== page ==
Congenital Cytomegalovirus Foundation
15 Reasons Why Caregivers/Teachers Should Know About CMV
Shortly after moving to Connecticut in 2010, Saunders received a call from a local grandmother who said her grandson was just born disabled by congenital CMV. Saunders said, “The baby's mother had been a college student interning at a Connecticut day care center while pregnant. She, too, had not been educated about CMV and how to protect her pregnancy. When I visited the mother and baby in the hospital, the attending nurse asked me why more wasn’t being done to raise awareness of this leading viral cause of birth defects."
Saunders also wrote "Have a Toddler or Care for One?" which people can share plus her outline and talking points for a presentation on CMV.
1."Staff Education and Policies on Cytomegalovirus (CMV)," American Academy of Pediatrics (AAP) et al., Caring for Our Children: http://cfoc.nrckids.org/StandardView/220.127.116.11
2."Situations that Require Hand Hygiene" (AAP et al., Caring for Our Children): http://cfoc.nrckids.org/StandardView/3.2.2
3. National CMV Foundation Awareness Flyer with the Connecticut Department of Public Health (DPH) logo found under the "Information for Healthcare Providers” section at: http://www.ct.gov/dph/cwp/view.asp?a=3138&q=527824
4. Fact sheet from MotherToBaby.org on CMV includes child care providers.
5.Connecticut Department of Public Health posts on its website: CDC Recommendations for People Who Care for Infants and Children
6.National CMV Foundation features several types of CMV flyers for downloading.
7.Congenital CMV Disease Research Clinic and Registry provides resources for women of childbearing age.
8. CMV prevention brochure specifically for child care providers: Utah's brochure for childcare providers).
9.For students and families: Free CMV Teaching Tool Kit: "Once Upon a Placemat: A Table Setting Tale" by Lisa Saunders—Educational coloring book and fairytale emphasizes hand-washing and refraining from sharing cups/utensils.
10, Henry The Hand teaching supplies/programs for schools. Created newsletter campaign on CMV.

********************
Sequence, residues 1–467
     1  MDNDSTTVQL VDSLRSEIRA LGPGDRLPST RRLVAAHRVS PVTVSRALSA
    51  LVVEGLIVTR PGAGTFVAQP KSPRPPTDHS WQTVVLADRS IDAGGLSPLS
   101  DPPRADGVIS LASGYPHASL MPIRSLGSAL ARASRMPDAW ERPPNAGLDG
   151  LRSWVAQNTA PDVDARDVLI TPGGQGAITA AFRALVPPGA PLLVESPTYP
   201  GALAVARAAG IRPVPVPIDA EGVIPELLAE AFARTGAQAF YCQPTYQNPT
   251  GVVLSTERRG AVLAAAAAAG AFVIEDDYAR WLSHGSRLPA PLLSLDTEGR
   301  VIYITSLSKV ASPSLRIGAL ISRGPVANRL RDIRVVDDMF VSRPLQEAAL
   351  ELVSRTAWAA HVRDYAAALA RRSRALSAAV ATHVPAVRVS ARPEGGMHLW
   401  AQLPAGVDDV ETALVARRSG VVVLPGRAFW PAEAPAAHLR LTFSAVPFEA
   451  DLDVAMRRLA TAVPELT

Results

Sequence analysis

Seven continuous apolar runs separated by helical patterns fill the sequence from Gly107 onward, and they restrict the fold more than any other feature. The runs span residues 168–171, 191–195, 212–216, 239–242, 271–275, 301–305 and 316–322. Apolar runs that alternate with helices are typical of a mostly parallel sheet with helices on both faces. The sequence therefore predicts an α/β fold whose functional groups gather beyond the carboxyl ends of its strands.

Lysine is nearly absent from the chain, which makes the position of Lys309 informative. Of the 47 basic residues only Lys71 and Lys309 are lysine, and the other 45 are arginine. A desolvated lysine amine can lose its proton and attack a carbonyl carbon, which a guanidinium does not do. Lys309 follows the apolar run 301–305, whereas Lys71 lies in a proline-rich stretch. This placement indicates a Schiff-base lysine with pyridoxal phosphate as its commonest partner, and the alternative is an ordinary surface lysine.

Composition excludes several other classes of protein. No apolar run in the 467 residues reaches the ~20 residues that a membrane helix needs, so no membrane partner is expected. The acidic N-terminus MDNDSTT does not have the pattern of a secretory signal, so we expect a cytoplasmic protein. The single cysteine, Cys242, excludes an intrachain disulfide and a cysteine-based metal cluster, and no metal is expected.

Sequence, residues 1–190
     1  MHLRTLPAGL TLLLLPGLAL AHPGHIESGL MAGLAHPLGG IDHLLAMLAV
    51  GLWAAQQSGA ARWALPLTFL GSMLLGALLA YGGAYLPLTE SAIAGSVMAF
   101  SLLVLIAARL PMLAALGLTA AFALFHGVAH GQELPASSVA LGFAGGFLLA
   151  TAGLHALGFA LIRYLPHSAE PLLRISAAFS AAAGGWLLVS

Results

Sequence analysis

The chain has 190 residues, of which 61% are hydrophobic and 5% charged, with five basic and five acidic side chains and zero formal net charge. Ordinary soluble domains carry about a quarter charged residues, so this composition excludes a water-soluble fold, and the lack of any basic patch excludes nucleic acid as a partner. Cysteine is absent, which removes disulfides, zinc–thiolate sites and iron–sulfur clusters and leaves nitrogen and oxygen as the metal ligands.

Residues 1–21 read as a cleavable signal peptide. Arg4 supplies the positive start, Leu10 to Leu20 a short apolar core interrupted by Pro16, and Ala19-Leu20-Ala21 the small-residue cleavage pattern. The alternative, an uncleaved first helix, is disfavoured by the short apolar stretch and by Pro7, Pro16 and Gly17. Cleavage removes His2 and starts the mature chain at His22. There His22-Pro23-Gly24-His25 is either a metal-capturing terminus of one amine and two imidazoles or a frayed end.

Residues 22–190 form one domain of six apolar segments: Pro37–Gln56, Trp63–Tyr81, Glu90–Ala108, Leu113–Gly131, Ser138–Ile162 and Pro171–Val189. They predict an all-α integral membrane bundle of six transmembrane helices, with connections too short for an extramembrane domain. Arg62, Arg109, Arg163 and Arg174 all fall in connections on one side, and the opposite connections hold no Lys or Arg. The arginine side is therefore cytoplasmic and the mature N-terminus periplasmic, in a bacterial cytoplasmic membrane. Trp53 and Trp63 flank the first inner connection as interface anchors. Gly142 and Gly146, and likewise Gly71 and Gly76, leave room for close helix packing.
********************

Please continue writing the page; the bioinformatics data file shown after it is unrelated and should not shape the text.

RESOURCES FOR TRAINING CHILD CARE WORKERS
Brenda K. Balch, MD, Connecticut's American Academy of Pediatrics Early Hearing Detection and Intervention Chapter Champion, who was instrumental in the passage of the Connecticut CMV bill. She has a strong interest in congenital CMV because it is a major cause of hearing loss (she sent Testimony to CT’s HB 5525). Contact: email@example.com
514 Diane Lane, Richmond, VA 23227
Stuart Adler, M.D., Professor Emeritus of Pediatrics and Professor of Microbiology and Immunology, Virginia Commonwealth University. (sent Letter of Testimony to CT’s HB 5147).
Phone: (804) 264-8296, Email: firstname.lastname@example.org
Although the U.S. Senate passed legislation in 2014 recommending that “more effort be taken to counsel women of childbearing age of the effect this virus can have on their children” because "The incidence of children born with congenital cytomegalovirus can be greatly reduced with public education and awareness," and designated the month of June as "National Congenital CMV Awareness Month," in 2015, the American College of Obstetricians and Gynecologists (ACOG) has reversed it's decision to instruct their pregnant patients on what it takes to prevent CMV transmission (you can read about that in the NY Times article). ACOG's new position on CMV instruction, recently revised in 2015, is that patients will think such guidelines difficult to implement because "they often are considered impractical or burdensome." (see page 1514 of the ACOG Practice Bulletin (June 2015), [151 Cytomegalovirus, Parvovirus B19, Varicella Zoster, and Toxoplasmosis in Pregnancy (June 2015])